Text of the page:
By Amy Lemieux
It may be hard for an egg to turn into a bird: it would be a jolly sight harder for it to learn to fly while remaining an egg. -C. S. Lewis
Our chickens, Fritzie and Miss Chick, turned one year old this April. Some of you remember them as tiny balls of fluff. Now they are plump and portly. I say that in the least edible way, despite threats from the kitchen staff upstairs. Miss Chick, named after our beloved original chicken, is a gigantic Partridge Cochin. Fritzie, named for Grandpa Kenny Fritz, is a golden (plump) Buff Orpington. Both breeds were highly recommended to us based on their gentle dispositions.
Last April our chicks were snug, cozy, and nestled under a heat lamp in the Autumn Room. They were petted gently by the children daily and grew accustomed to the constant chatter of preschoolers. Despite our best efforts, they refused to eat anything but ground corn. At two months they were allowed to go outside in a little hand-made pen, but only in the presence of active preschoolers who were deterrents to predators. This year, the moment a teacher arrives at school in the morning, they remind us assertively that it is time to go outside. Currently, we trust that our chickens are too fat to be plucked off our playground. I don’t know there is a hawk capable of heaving one of our buxom girls to carry away. Our most cherished time is the end of the day; when Sarah Kern opens the classroom door, the pair comes running from wherever they happen to be, and walk right into the school on their own! This shows tremendous progress, folks, as months ago it often required four of us teaming up to capture them when it was time to come inside.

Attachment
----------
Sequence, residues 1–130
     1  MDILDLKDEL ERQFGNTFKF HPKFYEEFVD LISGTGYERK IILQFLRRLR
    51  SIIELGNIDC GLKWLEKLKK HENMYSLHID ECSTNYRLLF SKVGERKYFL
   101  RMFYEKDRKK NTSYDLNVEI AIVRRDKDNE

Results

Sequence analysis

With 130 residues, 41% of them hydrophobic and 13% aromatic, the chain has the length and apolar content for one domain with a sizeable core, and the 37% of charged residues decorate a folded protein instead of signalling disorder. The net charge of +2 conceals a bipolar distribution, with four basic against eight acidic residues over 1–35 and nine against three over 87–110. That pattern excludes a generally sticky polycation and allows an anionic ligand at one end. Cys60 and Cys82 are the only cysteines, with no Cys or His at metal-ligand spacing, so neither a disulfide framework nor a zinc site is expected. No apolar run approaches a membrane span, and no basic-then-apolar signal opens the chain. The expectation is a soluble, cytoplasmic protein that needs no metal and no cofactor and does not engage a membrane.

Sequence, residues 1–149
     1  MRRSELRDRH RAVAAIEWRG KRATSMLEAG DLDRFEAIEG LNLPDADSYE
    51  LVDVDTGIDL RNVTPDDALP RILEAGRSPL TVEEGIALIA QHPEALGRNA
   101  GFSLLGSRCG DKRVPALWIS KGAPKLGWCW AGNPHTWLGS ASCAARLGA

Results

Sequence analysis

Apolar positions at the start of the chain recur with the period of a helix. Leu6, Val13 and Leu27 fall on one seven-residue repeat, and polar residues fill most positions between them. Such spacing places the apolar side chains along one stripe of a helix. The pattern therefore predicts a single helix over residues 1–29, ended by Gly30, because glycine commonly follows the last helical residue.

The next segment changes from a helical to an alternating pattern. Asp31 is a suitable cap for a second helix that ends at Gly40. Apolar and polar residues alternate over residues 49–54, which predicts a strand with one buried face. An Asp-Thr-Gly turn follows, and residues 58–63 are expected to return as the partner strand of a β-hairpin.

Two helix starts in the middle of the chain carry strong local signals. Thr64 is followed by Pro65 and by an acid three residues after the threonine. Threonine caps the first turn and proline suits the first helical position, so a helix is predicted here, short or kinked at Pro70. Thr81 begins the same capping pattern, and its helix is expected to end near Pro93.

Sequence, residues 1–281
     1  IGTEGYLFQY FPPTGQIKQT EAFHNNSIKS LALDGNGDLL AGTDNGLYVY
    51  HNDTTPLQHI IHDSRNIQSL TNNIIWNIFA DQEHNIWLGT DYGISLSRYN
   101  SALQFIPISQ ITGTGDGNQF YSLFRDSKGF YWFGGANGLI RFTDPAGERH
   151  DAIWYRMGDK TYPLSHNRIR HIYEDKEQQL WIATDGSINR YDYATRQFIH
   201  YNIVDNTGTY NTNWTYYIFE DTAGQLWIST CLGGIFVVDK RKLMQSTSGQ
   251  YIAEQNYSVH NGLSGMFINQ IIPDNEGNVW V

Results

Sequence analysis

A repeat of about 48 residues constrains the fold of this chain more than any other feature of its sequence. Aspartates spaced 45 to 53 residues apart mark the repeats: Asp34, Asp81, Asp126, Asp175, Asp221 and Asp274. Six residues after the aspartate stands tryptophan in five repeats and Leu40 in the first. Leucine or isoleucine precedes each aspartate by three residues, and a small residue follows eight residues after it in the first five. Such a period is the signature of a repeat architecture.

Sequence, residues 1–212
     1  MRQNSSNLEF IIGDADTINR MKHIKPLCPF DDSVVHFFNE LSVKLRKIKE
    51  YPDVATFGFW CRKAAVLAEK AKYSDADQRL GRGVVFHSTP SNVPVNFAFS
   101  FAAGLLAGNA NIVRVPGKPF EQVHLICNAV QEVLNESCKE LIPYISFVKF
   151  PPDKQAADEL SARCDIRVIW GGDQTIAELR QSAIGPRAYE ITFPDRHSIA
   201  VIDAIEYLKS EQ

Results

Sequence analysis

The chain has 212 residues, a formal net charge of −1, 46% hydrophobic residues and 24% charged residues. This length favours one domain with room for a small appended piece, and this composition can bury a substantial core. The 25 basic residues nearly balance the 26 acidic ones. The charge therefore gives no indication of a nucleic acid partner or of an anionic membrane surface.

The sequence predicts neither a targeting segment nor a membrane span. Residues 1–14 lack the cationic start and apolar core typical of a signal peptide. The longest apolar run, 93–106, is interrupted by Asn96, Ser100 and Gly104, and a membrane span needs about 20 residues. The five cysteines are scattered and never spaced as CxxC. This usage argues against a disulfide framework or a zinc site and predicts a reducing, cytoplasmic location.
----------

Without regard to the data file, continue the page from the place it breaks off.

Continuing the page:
Fritzie and Miss Chick have been the grateful beneficiaries of fruits and vegetables leftover from lunch and snack time. Their culinary tastes have grown exponentially. Their cuisine now includes blackberries, strawberries, wheat crackers, mealworms, and barbecued ribs. Their favorite is watermelon. The warm sun of spring along with their ample diet has transformed them into prolific layers. They each lay an egg almost daily. These delicious eggs are welcome payment for the time we spend cleaning up after them!
These two girls are so inseparable that my heart skips a beat when I catch a glimpse of one outside without the other. If you see Fritzie or Miss Chick in the courtyard, please stop to say hello. If you happen to have watermelon in your pocket, you will become instant friends!